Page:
USDA-DOE Plant Feedstock Genomics for Bioenergy Awards 2016
Summary of projects awarded in 2017 under Funding Opportunity Announcement DE-FOA-0001688
- Print Publication: June 2016
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Integrating the U.S. Department of Energy’s (DOE) capabili-ties in genomic sequencing and analysis for biofuels production with the U.S. Department of Agriculture’s (USDA) long experience in crop improvement, DOE and USDA are working together to fund projects that accelerate plant breeding programs and improve bioenergy feedstocks. Since 2006, dozens of projects have been funded by the DOE-USDA Plant Feedstock Genomics program, which is jointly supported by the Office of Biological and Environmental Research within DOE’s Office of Science and USDA’s National Institute of Food and Agriculture. This program supports fundamental biomass genomics research to provide the scientific foundation for the use of lignocellulosic and seed oil materials for bioenergy and biofuels.
Significant advances in breeding, molecular genetics, and genomic technologies offer an opportunity to build upon the existing plant biology knowledgebase to enable confident prediction and manipulation of the biological function of plant genomes for bioenergy resources. This year, the pro-gram seeks to enhance these genetic and genomic resources by supporting research to investigate potential challenges likely to be encountered with increasing acreage devoted to bioenergy feedstocks, specifically the molecular mechanisms underlying plant resistance and tolerance to pathogens, as well as a new request for research on non-food oilseed feedstock crops. This knowledge will be used to accelerate breeding of improved dedicated bioenergy feedstocks. Areas of interest include:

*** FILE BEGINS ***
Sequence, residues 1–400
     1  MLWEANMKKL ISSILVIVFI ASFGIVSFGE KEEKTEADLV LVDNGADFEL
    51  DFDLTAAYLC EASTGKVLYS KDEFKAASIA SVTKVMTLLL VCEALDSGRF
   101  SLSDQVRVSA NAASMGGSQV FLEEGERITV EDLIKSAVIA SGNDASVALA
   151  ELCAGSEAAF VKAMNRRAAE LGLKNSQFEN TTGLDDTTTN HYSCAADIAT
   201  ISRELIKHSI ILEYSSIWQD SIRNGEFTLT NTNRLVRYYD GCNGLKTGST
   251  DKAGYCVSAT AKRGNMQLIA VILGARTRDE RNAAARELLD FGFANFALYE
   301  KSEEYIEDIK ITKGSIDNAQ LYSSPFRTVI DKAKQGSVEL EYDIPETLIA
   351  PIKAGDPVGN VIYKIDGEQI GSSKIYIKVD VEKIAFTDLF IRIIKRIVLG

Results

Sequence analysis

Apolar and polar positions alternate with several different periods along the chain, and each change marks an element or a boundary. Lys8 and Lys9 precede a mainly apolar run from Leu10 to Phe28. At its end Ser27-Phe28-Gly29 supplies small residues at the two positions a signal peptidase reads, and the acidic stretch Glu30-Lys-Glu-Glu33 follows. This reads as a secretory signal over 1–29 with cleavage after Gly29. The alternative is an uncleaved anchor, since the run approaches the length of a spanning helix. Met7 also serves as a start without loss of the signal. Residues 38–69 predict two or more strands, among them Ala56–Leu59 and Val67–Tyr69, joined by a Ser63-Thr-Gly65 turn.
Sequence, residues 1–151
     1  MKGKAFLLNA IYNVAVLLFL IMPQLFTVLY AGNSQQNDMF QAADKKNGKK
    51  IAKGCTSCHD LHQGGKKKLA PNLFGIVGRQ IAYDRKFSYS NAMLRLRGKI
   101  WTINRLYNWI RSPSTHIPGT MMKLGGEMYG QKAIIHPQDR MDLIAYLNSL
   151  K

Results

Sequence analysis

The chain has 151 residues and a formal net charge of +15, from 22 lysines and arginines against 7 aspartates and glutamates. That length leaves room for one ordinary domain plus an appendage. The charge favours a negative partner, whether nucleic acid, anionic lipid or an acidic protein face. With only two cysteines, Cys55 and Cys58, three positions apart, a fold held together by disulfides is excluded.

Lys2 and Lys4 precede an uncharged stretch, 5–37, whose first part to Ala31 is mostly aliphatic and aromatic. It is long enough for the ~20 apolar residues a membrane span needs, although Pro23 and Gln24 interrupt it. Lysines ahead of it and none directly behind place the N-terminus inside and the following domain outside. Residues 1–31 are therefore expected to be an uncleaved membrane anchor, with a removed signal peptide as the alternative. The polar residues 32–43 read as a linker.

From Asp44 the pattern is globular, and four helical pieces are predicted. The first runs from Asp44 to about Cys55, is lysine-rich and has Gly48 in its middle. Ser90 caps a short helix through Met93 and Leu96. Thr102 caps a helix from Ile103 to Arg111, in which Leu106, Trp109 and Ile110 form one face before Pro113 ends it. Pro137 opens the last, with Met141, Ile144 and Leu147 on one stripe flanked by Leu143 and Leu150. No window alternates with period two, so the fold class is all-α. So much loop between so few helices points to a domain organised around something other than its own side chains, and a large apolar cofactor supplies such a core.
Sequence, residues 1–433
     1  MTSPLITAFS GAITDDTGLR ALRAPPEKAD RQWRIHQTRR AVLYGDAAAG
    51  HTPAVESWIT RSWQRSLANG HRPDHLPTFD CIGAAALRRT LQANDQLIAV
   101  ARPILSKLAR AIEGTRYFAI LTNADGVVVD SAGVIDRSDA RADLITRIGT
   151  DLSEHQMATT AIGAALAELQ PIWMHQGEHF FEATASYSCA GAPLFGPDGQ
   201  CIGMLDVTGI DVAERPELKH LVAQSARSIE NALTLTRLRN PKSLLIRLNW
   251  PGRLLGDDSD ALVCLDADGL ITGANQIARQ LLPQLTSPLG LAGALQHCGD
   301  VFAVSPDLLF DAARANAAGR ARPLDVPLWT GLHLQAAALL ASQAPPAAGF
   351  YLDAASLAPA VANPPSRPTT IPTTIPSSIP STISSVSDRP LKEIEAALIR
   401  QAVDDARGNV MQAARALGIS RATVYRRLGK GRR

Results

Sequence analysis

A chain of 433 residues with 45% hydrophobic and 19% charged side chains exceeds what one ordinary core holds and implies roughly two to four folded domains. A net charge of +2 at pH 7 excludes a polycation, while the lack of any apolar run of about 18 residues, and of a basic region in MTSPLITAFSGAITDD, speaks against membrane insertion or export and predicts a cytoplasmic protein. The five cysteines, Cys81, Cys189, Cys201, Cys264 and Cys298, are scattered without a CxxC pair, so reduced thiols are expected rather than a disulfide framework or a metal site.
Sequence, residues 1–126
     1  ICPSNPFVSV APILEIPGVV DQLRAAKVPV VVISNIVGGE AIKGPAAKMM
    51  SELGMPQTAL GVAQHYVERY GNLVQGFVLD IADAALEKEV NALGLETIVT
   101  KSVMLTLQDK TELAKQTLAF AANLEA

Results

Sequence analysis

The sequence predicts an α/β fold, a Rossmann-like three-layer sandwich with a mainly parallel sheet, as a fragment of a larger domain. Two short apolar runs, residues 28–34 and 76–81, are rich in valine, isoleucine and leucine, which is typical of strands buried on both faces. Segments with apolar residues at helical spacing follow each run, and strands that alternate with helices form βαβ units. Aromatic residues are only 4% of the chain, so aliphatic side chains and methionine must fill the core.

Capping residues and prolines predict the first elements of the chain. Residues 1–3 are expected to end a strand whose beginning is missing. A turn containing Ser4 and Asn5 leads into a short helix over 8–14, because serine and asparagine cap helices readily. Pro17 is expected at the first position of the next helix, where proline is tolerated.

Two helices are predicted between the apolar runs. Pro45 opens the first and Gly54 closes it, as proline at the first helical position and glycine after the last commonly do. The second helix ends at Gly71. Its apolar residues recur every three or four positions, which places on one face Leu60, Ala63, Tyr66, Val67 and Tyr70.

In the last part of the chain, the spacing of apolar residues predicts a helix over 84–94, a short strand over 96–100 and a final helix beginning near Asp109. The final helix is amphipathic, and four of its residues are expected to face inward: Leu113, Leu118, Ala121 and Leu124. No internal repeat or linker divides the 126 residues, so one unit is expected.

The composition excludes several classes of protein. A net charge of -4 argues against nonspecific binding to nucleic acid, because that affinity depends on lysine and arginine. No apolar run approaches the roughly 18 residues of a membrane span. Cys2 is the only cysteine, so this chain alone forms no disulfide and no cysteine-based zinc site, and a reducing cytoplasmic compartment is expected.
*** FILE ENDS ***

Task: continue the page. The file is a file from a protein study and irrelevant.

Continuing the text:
- Genomics-based research to identify and function-ally characterize plant genes/alleles influencing plant response to pathogens, with a long-term focus on crop improvement;
- Genomics-based research to identify and functionally characterize plant genes/alleles influencing agronomic, yield, and quality traits of non-food oilseed crops.
Project investigators are characterizing the genes, proteins, and molecular interactions that influence plant response to pathogens and that enhance oil yields and oil quality, with a focus on the development of new cultivars of regionally adapted, high-yielding energy feedstocks. The long-term goal is to develop a clearer understanding of the key genes and processes responsible for superior feedstock plant performance with minimal impacts on the surrounding ecological landscape.